at the Gladstone Hotel
Friday, March 5 - 7 to 10pm
Presented by Batuki Music Society
Madagascar Slim, as he's been known to blues/roots/world music fans in the Toronto area for decades, was born as Randriamananjara Radofa Besata Jean Longin in Antananarivo, capital of the sunny island of Madagascar. Teaching himself to play an older brother's guitar at an early age was just the beginning of a long career.
"I grew up listeninig to a lot of music from Madagascar, traditional music. At the same time, Western music was very popular, like the Rolling Stones, Santana. I listened to that type of guitar driven music."
Salegy is the traditional Malagasy style Slim grew up with. Here's a little modern salegy if you're not familiar.
It's the kind of music that won't let you sit still, and involves really intricate finger picking - among other things.
"First, I was trying to play note for note, people I like - like B.B. King. But over time, I discovered things on my own. I came up with my own style. It's improvisational." Madagascar Slim's work is often called "bi-cultural", which sounds a little too pedantic for his infectiously likable music. "I would describe it as an amalgamation of Madgasy music, particularly the rhythmic elements, with guitar rock."
Although he's been in Canada "since the dinosaurs roamed the earth" (actually 1979 - he came to study accounting at Seneca College) it's the rhythms of his childhood that still echo most deeply. "I have a rhythm that I hear in my head that comes from Madagas," he says. "It's a different way of keeping time - the 6/8, they hear it as a jig. I hear it as Madagas."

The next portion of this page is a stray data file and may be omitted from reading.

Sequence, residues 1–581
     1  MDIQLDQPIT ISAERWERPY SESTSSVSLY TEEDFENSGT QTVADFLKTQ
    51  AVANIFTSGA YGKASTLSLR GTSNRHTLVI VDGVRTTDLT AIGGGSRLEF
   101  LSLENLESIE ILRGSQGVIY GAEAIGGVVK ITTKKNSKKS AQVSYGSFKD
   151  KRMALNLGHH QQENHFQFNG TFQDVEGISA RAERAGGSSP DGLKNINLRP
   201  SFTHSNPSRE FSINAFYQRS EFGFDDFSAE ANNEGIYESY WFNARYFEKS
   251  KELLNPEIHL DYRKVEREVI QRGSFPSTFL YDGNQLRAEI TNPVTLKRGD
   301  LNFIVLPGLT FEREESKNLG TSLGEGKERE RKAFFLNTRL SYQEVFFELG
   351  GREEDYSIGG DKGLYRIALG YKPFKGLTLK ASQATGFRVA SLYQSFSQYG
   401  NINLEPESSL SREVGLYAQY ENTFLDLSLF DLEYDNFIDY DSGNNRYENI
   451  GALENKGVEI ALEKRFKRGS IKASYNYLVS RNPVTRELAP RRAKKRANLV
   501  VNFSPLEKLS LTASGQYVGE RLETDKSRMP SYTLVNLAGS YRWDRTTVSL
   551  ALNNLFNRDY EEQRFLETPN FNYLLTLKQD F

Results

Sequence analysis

Sweet voices and harmonies come together with that fluidly kinetic guitar playing. Along with this solo work, he's also known and been recognized for his work with Tri-Continental - Roots & Traditional Album of the Year Juno Winner in 2001 - and African Guitar Summit - World Music Album of the Year in 2005. His third Juno was won in the same category in 2000. For Slim, it's all about playing though.
"I've played in all the blues clubs in Toronto," he says, either alone or in collaboration. He's also known for his live playing with blues singer Ndidi Onukwulu. He's seen musical tastes change over the decades. "A lot of people are branching out, listening to new types of music," he says. Slim points to the influence of the internet, where more and more people are reaching out to find music that falls beyond the confines of a commercialized pop music market, along with the importance of some of the country's cultural institutions. "That's why we need institutions like the Canada Council for the Arts and the CBC - to offer an alternative."
The concert this Friday at the Glad is FREE of charge - I'll be sure to get there early.
Check out an excerpt from a documentary that followed Slim on his return to Madagascar after 25 years - and you can download his music here.